A: We had no idea about the magnitude of the storm and the effects on the city. We couldn’t have imagined; there was no way to fathom what happened. The day of the storm, our service was completely depleted. The city was underwater and we were trapped in our building with most of our equipment and supplies ruined and no way to get to anyone. After the National Guard came in boats, we traveled around and tried to help people. People were just walking around homeless—just devastated. They were literally dying for help. We would stop the boats and help where we could—a woman in labor, a diabetic out of insulin, a man who just had a heart attack, extremity injuries. In the meantime, I had my family scattered around the state. I was worried about them and they were worried about me so there was also that personal impact that was really wearing on me. We ended up setting up a sort of MASH hospital in the city and operated there as best we could. After Katrina, with the help of the federal government, we were eventually able to rebuild our service, rebuild our building and salvage some of our equipment or replace what we had to. Definitely a career changer.

Q: What do you want people to know about you?

A: How much I care about my job. That I’m a passionate person who really cares about patients’ well being.

Q: What’s the most challenging part of EMS?

A: I would have to say it’s the lack of resources, although that’s an issue that challenges all fi rst responders around the country. It’s tough to not have things that you need readily available. It’s not the administration’s fault. They are doing the best they can. It’s just about money and budgets. Every-thing is a process and that can be a challenge when your needs are so immediate. Lack of personnel is also an issue, and again, you hear that across the country. It’s related and it’s been an issue for as long as I’ve been on the job. People often ask me what’s the worst call I have ever been on and I can’t even answer that question. I might have a call that’s very memorable but then the next year there’s something far worse. I hate to see children injured or children that have been traumatized. I would say I have a special compassion for children. It just feels so hopeless when a young life slips away. They haven’t even had a chance.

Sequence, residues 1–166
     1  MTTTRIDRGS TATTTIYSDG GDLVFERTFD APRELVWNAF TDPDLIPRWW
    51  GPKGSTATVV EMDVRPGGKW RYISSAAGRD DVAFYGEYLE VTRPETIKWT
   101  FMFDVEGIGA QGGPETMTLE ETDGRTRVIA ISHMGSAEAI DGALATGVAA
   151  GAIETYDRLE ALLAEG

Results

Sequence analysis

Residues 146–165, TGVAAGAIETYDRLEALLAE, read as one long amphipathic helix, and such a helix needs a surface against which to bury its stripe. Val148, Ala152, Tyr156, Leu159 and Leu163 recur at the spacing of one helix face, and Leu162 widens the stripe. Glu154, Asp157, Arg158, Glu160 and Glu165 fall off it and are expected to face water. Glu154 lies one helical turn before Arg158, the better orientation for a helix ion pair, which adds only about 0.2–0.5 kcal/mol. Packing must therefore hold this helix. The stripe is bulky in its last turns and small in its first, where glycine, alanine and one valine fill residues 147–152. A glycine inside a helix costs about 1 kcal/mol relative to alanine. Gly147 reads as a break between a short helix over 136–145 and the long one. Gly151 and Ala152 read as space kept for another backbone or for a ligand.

Q: What’s been the best part of your career?

A: I like it when someone comes up to me on the street or at an event and thanks me for helping them or a family member. I can’t always remember them, but strangers remembering me and thanking me—that’s rewarding. One woman came up to me a while ago and said, “Do you remember me? You delivered my son. He’s 26 years old.”

Q: Have you delivered a lot of babies?

A: 72 of them, including breech and twins and limb presentations. I think I’ve seen every OB emergency! They are interesting calls. You know, you can go from laughter to crying to laughter again all in the same day. It’s New Orleans so sometimes our patients started out having a fun night out on the town and we can have a hilarious time laughing and joking with them, and then the next call can be to-tally devastating, something that absolutely brings tears to my eyes.